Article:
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Kick-starter Why did the chicken cross the road?

The genius is not in creating for him what he did not ask you. That one is I-too-know. The genius is in creating the most innovative way, what he has asked you to do.

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“Why did the Chicken cross the road?”

That’s probably one of the most awkward job interview questions you’ll ever hear.

Anakle was recruiting interns and the instructions were simple; “send your CV to so and so email and tell us why the chicken crossed the road.”

That was all, really.

I honestly never really paid attention to the chicken and the road before then. But since an internship position was at stake, I did a little digging.

“Why did the chicken cross the road?” is an old riddle joke. The answer used to be as simple as “to get to the other side”, but as with most things in life, it got really complicated.

I found answers people had given at one point or the other and came to a conclusion; there’s no wrong answer to this question. There’s only the very bright answers and the very foolish answers. Like someone’s answer was “because LASTMA was pursuing the chicken”. That’s not very bright. But it’s still correct.

So because I was seeking a writing position, I wrote it from a writer’s angle like this:

“The chicken crossed the road because I told it there was corn at the other side

It believed me enough to risk its life.

I don’t even know if it’’ll find corn, but it believed

Because that’s what writers do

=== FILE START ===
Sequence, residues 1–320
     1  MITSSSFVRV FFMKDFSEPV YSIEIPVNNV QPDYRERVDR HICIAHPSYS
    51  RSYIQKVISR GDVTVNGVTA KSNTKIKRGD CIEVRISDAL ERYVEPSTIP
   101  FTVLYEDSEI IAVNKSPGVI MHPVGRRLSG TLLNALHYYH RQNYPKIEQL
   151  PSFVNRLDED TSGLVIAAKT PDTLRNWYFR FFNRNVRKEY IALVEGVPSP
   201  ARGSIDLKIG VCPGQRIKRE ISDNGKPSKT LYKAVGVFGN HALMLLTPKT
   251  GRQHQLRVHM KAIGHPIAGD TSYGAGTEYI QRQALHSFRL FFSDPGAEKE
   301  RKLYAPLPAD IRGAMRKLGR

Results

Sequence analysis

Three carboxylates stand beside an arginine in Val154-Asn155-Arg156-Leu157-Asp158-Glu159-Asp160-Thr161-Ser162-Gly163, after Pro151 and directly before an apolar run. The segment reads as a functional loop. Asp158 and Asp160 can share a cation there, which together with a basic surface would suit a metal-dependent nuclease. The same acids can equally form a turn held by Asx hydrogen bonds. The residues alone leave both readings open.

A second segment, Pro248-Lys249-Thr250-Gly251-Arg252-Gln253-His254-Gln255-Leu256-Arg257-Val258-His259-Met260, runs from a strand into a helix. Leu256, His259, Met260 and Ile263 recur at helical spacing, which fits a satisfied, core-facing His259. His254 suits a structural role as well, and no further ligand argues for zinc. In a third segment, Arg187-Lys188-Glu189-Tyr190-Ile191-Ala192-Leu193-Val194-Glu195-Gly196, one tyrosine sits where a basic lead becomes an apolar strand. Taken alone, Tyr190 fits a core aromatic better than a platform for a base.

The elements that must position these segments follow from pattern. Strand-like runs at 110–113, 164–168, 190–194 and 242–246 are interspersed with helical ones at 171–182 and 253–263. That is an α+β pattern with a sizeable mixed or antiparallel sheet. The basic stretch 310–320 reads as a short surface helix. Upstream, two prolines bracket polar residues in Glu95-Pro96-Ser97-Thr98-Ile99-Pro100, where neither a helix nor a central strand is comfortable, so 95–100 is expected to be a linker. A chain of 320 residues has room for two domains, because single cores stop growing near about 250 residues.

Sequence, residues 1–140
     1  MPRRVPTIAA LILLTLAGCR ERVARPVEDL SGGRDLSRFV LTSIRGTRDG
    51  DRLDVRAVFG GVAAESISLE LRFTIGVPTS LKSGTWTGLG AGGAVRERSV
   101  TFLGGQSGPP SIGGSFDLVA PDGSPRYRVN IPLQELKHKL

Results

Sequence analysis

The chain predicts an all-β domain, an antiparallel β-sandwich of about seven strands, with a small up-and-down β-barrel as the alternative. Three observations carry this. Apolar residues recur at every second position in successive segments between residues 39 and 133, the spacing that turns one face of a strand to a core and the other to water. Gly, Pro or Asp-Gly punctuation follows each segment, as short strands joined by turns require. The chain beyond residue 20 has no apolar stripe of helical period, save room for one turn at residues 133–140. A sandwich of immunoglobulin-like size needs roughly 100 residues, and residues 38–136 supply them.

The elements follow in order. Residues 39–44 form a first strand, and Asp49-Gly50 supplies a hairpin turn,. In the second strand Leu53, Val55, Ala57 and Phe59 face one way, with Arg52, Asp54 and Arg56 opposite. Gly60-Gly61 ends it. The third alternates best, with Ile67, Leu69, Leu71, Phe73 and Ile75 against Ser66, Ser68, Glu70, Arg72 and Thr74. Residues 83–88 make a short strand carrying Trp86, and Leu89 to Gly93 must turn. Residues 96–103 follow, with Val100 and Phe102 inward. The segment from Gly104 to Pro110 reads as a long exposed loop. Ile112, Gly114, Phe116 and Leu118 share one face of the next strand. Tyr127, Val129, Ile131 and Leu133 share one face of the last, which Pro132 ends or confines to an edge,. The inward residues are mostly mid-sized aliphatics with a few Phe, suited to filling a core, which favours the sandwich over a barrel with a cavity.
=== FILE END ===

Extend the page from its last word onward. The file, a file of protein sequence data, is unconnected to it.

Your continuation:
Make you believe anything.”

You see, I’ve learned that when you write something in Italics and you align it to the centre of the page, it appears very deep, and wise. But really, I felt really good writing this. I sent my email to Anakle and I got called for an interview.

At the interview, everything went smoothly. The questions were quite straight-to-the-point. I’ll never understand why people cram possible answers before interviews. I mean, we crammed all through secondary school, all through University, and now for a job interview? Haba.

There were three people at the interview; the CEO, the Digital Strategist, and the HR/Lead Developer lady. The CEO was tweeting, and raising his head up once in a while to comment. The Strategist did most of the asking, and the relax-this-is-not-an-interrogation part. The Developer just kept smiling. You want to believe it’s something she sees in you that she likes, but something tells you it’s just an HR smile.

The interview was very smooth until I got asked the chicken question again, and I served them my answer like freshly grilled chicken.

Few moments of quiet followed until the CEO said, “but chickens can’t read. How did it know what you were telling it?”

And in that very moment, my tongue rolled back into my mouth, down my throat, and found a quiet humble spot in my stomach. I had no logical answer to that question.

The smile on their faces didn’t make me feel comfortable at this point.

“Imagine it was Christmas on the chicken’s side of the road…” was what the CEO.

My jaw fell open like he had pulled a magic trick, but it was just common sense. The ever evasive common sense.

That for me, is like the most important lesson in business right there.

I’ll tell you how.

I was busy enjoying my ‘depth’ forgetting what really mattered. It’s not about me or what I can do, it’s about the bloody chicken!

The chicken’s most basic need was right there –survival, but I missed it for the love of italics and centre page alignment.

These six-hundred-and-something words is just to tell you one thing; it’s not about you, it’s about what your client wants done. You are in one tiny place in the Universe, and it’s very far from the centre. If there’s anyone sitting at the centre, it’s your client.

The genius is not in creating for him what he did not ask you. That one is I-too-know. The genius is in creating the most innovative way, what he has asked you to do.

When you speak to a farmer, you talk about the rains he’s expecting and what he’d like to harvest, not your love for bloody poetry.

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